Monday, March 30, 2015

Lenten Reading: The Unveiled Wife by Jennifer Smith

From Goodreads:
As a young bride, Jennifer Smith couldn't wait to build her life with the man she adored. She dreamed of closeness, of being fully known and loved by her husband. But the first years of marriage were nothing like she’d imagined. Instead, they were marked by disappointment and pain. Trapped by fear and insecurity, and feeling totally alone, Jennifer cried out to God: What am I doing wrong? Why is this happening to us? It was as if a veil had descended between her and her husband, and between her and God—one that kept her from experiencing the fullness of love. How did Jennifer and her husband survive the painful times? What did they do when they were tempted to call it quits? How did God miraculously step in during the darkest hour to rescue and redeem them, tearing down the veil once and for all? The Unveiled Wife is a real-life love story; one couple’s refreshingly raw, transparent journey touching the deep places in a marriage that only God can reach. If you are feeling disappointment or even despair about your marriage, the heart-cry of this book is: You are not alone. Discover through Jennifer’s story how God can bring you through it all to a place of transformation.
I have to be honest, after having just read This Is My Body, I found the writing here to be a bit less than I had hoped for.   I hate to say it, but in terms of quality of writing it's more in line with the simplistic and less literary forms of Christian memoir than it is with the literary style of memoirists like Ragan Sutterfield and Anne Lamott.  That doesn't mean it's a bad book or that it has no value - it may appeal to a wider range of readers because of its style - but it didn't appeal as much to me personally.  I felt like it was probably written for those who don't usually read outside of the "inspirational" category of non-fiction.  It has more of a glossy magazine depth than what I'd consider to be truly amazing writing.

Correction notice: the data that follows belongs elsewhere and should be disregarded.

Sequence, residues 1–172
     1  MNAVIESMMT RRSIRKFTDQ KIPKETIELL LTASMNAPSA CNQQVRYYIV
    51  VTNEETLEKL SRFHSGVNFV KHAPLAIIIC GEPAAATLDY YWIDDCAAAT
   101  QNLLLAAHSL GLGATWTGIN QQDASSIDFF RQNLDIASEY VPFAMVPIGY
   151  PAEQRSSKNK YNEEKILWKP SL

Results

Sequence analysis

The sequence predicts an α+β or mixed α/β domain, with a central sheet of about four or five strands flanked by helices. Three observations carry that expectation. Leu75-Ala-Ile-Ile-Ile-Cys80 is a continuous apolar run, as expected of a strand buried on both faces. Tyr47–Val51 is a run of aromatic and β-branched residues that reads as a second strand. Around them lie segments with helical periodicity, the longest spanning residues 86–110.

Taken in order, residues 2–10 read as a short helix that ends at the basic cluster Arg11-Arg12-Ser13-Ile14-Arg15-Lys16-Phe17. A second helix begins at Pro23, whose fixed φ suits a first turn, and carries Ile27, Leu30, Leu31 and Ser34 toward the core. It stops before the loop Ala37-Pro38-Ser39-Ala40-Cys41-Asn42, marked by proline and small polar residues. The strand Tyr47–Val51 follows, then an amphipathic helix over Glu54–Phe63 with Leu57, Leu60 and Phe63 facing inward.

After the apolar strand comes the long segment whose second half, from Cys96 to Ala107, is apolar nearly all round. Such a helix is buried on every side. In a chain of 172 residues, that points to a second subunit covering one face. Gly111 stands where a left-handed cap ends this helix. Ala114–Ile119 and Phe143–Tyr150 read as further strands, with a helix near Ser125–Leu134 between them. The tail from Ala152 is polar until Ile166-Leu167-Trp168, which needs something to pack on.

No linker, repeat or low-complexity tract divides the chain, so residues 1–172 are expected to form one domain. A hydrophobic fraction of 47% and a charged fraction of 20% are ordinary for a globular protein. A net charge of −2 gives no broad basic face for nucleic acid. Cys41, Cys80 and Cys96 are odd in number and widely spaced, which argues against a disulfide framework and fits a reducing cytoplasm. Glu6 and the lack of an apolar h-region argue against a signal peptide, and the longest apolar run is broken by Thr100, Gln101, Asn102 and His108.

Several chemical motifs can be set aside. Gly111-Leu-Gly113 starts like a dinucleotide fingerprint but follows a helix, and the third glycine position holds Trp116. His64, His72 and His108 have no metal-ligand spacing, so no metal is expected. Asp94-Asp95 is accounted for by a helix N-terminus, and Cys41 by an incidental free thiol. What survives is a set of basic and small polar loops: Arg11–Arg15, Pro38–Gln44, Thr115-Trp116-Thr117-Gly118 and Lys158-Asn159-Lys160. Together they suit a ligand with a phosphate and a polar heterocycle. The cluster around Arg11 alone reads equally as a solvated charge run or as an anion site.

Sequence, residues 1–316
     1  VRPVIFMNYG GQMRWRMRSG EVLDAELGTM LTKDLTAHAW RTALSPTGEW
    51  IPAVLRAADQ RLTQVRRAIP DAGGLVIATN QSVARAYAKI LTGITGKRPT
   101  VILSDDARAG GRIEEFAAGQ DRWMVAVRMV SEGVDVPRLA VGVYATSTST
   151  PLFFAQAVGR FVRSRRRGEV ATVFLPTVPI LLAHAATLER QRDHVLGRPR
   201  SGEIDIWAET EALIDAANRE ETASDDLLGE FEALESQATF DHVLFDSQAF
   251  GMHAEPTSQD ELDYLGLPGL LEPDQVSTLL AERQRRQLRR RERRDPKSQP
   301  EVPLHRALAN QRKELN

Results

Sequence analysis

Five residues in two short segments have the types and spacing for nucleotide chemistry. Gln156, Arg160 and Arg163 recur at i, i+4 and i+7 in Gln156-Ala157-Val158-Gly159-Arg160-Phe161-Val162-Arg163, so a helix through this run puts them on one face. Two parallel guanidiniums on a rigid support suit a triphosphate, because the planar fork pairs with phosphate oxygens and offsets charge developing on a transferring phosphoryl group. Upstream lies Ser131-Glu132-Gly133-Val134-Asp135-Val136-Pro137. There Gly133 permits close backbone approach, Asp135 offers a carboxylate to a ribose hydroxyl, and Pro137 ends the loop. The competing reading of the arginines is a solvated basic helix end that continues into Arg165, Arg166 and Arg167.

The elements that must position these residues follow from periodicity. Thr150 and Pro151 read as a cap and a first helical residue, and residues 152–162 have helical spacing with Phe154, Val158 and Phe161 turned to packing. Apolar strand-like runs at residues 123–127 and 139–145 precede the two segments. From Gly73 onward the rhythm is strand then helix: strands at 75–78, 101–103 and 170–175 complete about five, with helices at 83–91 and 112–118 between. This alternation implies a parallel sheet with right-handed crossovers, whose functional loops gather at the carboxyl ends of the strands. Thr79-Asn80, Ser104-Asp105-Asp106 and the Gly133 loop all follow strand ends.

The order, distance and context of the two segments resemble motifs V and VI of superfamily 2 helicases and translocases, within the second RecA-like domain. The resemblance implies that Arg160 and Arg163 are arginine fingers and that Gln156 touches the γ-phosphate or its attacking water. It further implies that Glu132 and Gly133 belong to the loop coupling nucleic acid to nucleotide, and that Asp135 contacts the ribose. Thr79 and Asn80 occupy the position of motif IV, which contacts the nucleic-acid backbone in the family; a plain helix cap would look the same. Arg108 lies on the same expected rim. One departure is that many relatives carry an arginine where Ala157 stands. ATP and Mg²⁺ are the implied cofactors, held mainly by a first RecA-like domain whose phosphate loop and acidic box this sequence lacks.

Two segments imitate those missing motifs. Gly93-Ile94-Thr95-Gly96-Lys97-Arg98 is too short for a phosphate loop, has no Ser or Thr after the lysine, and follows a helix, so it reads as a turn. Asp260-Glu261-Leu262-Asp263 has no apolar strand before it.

Entertainment Value
Despite my disappointment with the writing, I did enjoy reading Smith's story.  Almost immediately after my wedding (on my honeymoon, in fact) I developed some serious health issues that plagued the first few years of my marriage.  I could so identify with her story of struggling in her new position as a wife and feelings of inadequacy.  Because it does read fairly easily and it's not terribly lengthy I was able to finish it in just a few sittings, and I found the story compelling enough that I didn't want to stop reading.

I recommend it to those who may have similar experience to Smith or who are struggling in the early years of a marriage.  I don't think it's going to appeal to many readers outside of young women in the early years of marriage and in the evangelical Christian religion.  It's really written for a fairly specific audience and I think that that audience is certainly out there (I'm proof of it) and will enjoy this book, but it does have a narrow reach.

Thanks to NetGalley for providing me with a copy to review!

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